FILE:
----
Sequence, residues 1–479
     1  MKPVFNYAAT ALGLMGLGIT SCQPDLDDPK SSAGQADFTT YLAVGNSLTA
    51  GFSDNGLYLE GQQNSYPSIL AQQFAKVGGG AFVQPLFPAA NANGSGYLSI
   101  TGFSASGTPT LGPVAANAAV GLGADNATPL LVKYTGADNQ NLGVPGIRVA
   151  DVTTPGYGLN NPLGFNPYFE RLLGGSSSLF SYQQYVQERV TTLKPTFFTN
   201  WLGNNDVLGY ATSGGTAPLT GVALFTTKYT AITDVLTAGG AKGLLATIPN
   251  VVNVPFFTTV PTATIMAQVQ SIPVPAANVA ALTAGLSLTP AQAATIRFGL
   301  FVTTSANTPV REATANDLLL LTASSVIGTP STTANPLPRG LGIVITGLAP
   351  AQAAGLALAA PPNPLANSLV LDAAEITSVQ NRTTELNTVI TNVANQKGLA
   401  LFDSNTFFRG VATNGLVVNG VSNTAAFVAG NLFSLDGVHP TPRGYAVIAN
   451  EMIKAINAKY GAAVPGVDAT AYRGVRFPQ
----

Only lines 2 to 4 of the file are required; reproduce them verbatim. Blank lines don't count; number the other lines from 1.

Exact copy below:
     1  MKPVFNYAAT ALGLMGLGIT SCQPDLDDPK SSAGQADFTT YLAVGNSLTA
    51  GFSDNGLYLE GQQNSYPSIL AQQFAKVGGG AFVQPLFPAA NANGSGYLSI
   101  TGFSASGTPT LGPVAANAAV GLGADNATPL LVKYTGADNQ NLGVPGIRVA